Estimating selection pressures on HIV-1 using phylogenetic likelihood models

S. L. Kosakovsky Pond, A. F. Y. Poon, S. Zarate, D. M. Smith, S. J. Little, S. K. Pillai, R. J. Ellis, J. K. Wong, Andrew Leigh Brown, D. D. Richman, S. D. W. Frost

Research output: Contribution to journalArticlepeer-review

Abstract / Description of output

Human immunodeficiency virus (HIV-1) can rapidly evolve due to selection pressures exerted by HIV-specific immune responses, antiviral agents, and to allow the virus to establish infection in different compartments in the body. Statistical models applied to HIV-1 sequence data can help to elucidate the nature of these selection pressures through comparisons of non-synonymous (or amino acid changing) and synonymous (or amino acid preserving) substitution rates. These models also need to take into account the non-independence of sequences due to their shared evolutionary history. We review how we have developed these methods and have applied them to characterize the evolution of HIV-1 in vivo. To illustrate our methods, we present an analysis of compartment-specific evolution of HIV-1 em) in blood and cerebrospinal fluid and of site-to-site variation in the gag gene of subtype C HIV-1. Copyright (C) 2008 John Wiley & Sons, Ltd.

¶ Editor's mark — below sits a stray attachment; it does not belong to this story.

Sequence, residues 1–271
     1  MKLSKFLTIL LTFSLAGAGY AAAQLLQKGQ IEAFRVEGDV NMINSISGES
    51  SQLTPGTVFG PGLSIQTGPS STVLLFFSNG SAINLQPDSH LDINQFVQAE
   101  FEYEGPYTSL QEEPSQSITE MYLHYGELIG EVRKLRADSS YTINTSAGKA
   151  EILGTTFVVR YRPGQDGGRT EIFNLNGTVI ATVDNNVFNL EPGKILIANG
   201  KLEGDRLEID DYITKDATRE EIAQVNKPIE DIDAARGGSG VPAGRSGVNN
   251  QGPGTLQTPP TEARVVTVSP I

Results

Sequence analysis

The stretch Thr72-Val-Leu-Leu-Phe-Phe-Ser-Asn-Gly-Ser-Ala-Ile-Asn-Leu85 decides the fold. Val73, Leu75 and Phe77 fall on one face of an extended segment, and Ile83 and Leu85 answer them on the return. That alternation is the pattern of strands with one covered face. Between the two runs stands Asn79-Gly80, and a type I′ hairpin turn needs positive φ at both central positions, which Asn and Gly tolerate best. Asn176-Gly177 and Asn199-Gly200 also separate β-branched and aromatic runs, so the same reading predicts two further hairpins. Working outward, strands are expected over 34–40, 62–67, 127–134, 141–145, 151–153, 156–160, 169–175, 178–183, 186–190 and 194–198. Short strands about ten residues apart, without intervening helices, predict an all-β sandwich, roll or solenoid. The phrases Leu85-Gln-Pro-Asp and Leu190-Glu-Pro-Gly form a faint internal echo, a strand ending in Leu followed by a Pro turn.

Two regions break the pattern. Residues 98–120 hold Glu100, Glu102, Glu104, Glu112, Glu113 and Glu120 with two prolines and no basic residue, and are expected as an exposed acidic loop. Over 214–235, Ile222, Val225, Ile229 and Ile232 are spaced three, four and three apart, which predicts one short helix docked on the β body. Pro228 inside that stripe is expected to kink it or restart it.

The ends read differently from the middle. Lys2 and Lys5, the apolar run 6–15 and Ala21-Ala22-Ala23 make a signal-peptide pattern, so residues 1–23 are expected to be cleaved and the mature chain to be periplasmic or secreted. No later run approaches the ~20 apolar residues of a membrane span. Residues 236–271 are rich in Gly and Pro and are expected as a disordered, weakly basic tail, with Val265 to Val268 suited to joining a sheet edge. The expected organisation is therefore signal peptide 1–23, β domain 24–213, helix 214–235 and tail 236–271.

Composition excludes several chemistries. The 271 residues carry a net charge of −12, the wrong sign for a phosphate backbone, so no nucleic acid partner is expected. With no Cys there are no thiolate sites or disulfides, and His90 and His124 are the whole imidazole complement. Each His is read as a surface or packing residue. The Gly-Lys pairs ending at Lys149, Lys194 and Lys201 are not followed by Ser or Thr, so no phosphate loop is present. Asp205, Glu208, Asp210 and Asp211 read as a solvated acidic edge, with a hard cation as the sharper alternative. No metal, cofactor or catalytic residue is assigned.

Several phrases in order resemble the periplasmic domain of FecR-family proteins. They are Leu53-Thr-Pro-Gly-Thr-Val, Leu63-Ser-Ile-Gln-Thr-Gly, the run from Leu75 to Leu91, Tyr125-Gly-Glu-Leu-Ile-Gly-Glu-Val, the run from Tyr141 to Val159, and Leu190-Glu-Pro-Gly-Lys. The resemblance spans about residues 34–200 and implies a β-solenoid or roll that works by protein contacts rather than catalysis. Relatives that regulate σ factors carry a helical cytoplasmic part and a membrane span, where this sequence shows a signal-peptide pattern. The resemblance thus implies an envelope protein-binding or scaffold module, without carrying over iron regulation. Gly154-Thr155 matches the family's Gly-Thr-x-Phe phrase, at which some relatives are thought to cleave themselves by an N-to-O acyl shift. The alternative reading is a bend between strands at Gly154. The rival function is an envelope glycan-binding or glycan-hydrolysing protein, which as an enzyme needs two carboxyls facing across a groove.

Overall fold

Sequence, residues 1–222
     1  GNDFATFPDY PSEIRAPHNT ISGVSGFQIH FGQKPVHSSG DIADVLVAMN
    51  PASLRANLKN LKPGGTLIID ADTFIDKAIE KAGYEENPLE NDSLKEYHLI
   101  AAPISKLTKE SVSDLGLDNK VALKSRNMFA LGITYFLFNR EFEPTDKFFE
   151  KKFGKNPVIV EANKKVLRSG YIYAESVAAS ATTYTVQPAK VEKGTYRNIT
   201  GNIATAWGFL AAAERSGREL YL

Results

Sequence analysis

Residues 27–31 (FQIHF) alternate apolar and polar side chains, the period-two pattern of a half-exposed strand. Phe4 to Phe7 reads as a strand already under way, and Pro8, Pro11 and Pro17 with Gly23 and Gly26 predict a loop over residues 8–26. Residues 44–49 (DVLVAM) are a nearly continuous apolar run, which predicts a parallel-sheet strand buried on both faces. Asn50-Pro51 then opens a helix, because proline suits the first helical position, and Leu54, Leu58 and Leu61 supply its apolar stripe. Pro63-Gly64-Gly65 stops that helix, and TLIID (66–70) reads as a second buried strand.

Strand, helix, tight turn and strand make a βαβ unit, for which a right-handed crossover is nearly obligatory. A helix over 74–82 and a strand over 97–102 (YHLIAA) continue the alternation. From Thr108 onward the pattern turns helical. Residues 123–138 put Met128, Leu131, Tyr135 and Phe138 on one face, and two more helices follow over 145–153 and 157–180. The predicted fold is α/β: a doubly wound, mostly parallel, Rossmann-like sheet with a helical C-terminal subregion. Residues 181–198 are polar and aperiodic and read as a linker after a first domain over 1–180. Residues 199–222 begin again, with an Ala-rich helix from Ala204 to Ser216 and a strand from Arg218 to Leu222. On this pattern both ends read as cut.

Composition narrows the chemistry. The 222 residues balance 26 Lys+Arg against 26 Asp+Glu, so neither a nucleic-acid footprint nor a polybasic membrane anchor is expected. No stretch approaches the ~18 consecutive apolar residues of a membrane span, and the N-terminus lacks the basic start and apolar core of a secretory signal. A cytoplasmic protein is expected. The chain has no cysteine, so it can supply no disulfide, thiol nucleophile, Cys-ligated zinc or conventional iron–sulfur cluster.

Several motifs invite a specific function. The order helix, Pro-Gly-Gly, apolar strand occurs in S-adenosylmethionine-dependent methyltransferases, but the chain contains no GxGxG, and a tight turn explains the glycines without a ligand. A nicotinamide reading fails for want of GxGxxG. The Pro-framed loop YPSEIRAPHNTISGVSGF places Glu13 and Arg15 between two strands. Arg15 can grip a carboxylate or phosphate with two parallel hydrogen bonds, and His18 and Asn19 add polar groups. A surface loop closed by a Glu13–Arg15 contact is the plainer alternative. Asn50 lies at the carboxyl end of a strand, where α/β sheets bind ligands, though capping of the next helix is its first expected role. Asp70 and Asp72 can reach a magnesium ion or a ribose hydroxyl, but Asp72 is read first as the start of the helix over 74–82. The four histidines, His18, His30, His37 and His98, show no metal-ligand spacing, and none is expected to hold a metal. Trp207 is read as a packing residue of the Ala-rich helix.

Original languageEnglish
Pages (from-to)4779-4789
Number of pages11
Issue number23, SI
Publication statusPublished - 2008


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